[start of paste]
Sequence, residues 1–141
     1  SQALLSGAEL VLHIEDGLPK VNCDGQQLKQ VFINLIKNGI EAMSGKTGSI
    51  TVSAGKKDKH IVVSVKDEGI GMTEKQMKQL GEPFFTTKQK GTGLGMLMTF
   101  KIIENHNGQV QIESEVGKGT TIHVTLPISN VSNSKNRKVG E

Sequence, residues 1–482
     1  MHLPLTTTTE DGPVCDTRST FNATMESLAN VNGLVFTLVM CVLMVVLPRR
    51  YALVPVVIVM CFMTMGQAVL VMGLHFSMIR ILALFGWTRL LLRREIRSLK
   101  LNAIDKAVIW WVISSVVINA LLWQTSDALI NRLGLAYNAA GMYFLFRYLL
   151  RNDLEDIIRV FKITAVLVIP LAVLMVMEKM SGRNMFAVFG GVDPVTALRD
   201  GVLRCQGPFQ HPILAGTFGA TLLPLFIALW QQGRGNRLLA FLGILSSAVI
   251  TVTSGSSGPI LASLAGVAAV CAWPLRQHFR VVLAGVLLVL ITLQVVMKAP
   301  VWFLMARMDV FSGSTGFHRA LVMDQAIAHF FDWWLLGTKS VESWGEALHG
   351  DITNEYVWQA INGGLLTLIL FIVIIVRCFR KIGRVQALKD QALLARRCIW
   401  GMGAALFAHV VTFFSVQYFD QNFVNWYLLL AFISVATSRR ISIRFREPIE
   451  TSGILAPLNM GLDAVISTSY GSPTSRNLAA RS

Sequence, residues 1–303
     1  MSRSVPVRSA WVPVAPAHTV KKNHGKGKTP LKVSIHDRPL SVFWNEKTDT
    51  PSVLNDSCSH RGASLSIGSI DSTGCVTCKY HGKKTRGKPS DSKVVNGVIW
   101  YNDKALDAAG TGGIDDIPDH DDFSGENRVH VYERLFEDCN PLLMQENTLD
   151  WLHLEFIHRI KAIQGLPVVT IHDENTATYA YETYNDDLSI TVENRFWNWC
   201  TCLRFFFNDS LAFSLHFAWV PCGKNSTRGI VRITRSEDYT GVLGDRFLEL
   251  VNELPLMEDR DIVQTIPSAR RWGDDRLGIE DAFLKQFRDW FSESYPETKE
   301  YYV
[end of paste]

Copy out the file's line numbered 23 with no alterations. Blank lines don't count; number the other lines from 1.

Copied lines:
   301  YYV